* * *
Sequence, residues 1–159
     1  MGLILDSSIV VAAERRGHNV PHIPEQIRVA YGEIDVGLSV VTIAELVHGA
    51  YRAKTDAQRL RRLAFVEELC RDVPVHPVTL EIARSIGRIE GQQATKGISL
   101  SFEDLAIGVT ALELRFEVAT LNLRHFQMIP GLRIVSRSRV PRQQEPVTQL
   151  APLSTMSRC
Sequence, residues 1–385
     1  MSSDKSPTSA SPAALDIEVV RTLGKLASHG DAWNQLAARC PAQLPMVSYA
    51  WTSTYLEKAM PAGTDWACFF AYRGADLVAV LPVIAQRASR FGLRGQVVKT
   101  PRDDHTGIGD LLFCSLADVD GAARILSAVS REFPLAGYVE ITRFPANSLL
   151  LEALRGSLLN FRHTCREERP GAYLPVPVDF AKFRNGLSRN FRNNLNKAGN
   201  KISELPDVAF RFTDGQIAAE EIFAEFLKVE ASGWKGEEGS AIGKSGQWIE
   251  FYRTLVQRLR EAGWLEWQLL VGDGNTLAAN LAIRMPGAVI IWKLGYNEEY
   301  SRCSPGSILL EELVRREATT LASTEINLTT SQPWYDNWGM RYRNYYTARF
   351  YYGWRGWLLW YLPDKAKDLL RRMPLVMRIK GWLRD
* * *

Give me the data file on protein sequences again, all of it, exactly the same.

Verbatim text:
Sequence, residues 1–159
     1  MGLILDSSIV VAAERRGHNV PHIPEQIRVA YGEIDVGLSV VTIAELVHGA
    51  YRAKTDAQRL RRLAFVEELC RDVPVHPVTL EIARSIGRIE GQQATKGISL
   101  SFEDLAIGVT ALELRFEVAT LNLRHFQMIP GLRIVSRSRV PRQQEPVTQL
   151  APLSTMSRC
Sequence, residues 1–385
     1  MSSDKSPTSA SPAALDIEVV RTLGKLASHG DAWNQLAARC PAQLPMVSYA
    51  WTSTYLEKAM PAGTDWACFF AYRGADLVAV LPVIAQRASR FGLRGQVVKT
   101  PRDDHTGIGD LLFCSLADVD GAARILSAVS REFPLAGYVE ITRFPANSLL
   151  LEALRGSLLN FRHTCREERP GAYLPVPVDF AKFRNGLSRN FRNNLNKAGN
   201  KISELPDVAF RFTDGQIAAE EIFAEFLKVE ASGWKGEEGS AIGKSGQWIE
   251  FYRTLVQRLR EAGWLEWQLL VGDGNTLAAN LAIRMPGAVI IWKLGYNEEY
   301  SRCSPGSILL EELVRREATT LASTEINLTT SQPWYDNWGM RYRNYYTARF
   351  YYGWRGWLLW YLPDKAKDLL RRMPLVMRIK GWLRD